Epperson: You also have to understand that in this market environment you have to be well-diversified. The idea that you can just be in stocks and bonds is not going to cut it anymore if you really want to achieve the growth that you’re probably going to need in the retirement years, which are going to be a lot later probably than you expected. You also shouldn’t be over-weighted in your company’s stock, which is what a lot of people do.
Young: A couple rules of thumb: Never have more than 5% in one particular stock. You want to have exposure in sectors. A lot of my clients were investment bankers. So, of course they knew financial stocks really well. But they didn’t have exposure to pharmaceuticals, energy, consumer products. I recommend that when you think about diversification you want to have exposure to sectors and industries. The easiest way to do that generally is through a mutual fund as you’re getting started.
BE: When you look at the numbers the reality is a lot of black women are not investing in a 401(k) plan at work. Why is it important for them to invest in their 401(k)?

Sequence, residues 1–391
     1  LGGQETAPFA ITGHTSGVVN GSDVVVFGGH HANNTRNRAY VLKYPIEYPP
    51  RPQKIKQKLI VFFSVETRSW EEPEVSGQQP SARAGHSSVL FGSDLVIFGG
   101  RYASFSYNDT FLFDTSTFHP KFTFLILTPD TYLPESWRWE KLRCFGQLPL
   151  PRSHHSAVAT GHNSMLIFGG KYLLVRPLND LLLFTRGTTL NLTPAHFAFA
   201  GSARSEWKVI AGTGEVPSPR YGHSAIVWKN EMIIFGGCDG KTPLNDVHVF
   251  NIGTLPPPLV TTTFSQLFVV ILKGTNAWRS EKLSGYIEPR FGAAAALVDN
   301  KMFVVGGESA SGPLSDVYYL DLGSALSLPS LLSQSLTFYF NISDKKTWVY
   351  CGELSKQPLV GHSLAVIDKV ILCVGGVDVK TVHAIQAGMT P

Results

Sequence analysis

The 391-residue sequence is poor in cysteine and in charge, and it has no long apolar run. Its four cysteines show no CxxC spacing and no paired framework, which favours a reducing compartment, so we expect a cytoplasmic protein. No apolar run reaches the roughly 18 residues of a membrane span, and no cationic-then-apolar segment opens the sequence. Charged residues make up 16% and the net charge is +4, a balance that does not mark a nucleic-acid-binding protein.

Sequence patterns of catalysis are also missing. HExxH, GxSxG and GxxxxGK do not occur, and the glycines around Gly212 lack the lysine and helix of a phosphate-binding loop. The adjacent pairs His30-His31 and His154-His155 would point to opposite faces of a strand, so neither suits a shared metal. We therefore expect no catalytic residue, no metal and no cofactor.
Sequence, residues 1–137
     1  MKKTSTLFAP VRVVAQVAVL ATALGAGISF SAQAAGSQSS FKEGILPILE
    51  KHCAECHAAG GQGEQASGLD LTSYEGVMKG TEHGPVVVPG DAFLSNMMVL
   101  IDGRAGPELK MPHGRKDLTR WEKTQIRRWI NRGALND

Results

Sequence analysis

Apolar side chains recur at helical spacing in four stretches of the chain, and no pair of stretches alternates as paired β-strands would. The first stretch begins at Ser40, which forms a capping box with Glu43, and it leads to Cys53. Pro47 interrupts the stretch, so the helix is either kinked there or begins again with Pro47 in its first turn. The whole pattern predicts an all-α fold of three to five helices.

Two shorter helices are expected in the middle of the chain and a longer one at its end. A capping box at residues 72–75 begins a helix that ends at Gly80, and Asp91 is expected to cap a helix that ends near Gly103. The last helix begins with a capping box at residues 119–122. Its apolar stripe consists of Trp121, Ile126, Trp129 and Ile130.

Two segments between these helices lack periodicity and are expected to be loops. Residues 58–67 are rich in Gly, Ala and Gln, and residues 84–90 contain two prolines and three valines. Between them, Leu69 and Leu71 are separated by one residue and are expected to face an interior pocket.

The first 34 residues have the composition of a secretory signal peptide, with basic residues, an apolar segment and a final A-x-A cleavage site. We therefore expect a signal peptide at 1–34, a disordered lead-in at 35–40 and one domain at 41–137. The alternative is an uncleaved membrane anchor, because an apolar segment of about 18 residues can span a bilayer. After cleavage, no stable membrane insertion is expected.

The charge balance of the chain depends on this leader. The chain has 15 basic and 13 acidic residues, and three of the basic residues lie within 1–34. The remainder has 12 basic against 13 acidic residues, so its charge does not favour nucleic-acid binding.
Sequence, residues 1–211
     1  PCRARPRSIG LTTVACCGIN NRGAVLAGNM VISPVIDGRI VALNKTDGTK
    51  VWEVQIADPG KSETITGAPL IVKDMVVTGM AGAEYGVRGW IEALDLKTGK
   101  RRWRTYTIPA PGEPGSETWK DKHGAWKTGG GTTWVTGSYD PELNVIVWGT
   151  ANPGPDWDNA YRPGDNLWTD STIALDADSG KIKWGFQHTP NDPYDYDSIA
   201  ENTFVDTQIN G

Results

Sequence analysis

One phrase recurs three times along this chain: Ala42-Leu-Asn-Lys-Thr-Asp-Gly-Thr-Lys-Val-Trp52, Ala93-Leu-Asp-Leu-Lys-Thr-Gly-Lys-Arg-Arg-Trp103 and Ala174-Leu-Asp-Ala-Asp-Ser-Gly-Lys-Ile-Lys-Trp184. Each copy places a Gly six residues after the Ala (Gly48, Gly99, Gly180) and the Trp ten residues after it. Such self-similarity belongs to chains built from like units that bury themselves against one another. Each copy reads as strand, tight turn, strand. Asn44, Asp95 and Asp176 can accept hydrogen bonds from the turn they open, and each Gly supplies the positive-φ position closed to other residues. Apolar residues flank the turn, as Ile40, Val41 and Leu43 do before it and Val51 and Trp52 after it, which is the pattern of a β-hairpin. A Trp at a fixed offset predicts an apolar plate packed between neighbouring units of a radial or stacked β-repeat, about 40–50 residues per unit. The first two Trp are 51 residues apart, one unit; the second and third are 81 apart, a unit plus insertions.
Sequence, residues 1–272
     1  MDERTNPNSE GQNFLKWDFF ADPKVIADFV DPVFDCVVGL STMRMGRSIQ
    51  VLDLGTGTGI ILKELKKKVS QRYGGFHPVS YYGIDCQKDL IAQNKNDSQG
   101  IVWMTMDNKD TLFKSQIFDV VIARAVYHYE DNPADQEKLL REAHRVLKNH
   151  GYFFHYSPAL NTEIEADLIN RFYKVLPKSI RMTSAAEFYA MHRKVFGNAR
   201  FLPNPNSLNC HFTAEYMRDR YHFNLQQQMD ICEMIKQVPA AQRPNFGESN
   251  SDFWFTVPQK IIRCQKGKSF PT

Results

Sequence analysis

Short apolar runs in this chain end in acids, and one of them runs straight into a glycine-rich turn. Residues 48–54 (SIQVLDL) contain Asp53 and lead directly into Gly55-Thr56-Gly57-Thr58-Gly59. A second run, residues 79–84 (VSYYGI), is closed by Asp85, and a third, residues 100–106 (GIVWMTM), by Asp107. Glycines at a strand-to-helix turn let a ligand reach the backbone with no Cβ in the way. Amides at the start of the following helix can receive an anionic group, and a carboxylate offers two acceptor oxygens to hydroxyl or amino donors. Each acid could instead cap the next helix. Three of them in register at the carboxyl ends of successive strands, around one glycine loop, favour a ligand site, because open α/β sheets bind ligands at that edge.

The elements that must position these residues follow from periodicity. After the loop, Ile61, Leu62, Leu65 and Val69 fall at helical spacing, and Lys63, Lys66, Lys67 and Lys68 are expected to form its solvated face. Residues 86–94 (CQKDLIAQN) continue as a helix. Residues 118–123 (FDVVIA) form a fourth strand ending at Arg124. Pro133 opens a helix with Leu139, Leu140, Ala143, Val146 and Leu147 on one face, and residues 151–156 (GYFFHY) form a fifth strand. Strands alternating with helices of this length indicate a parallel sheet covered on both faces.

Douglass: The benefit of a 401(k) is you can really put it on autopilot. You don’t even get the money; your company will take it out before you get the check. The other thing that’s key about retirement planning is that you get an immediate tax benefit. So, money that you put in a qualified plan such as a 401(k) you don’t pay income tax on. If you’re putting $15,000 of your income into a 401(k), you’re not paying $15,000 worth of income tax on that money. For many people, when they’re working they’re in a higher tax bracket than when they retire. [You’re] now getting $15,000 basically tax free toward your future.
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